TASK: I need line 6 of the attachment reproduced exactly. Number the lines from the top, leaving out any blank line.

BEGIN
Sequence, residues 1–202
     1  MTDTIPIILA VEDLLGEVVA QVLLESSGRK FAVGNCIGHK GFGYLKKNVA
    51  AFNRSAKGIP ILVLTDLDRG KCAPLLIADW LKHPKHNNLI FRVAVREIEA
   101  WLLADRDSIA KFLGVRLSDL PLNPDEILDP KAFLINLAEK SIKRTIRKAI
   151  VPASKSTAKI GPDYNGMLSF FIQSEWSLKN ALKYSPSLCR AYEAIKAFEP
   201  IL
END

   201  IL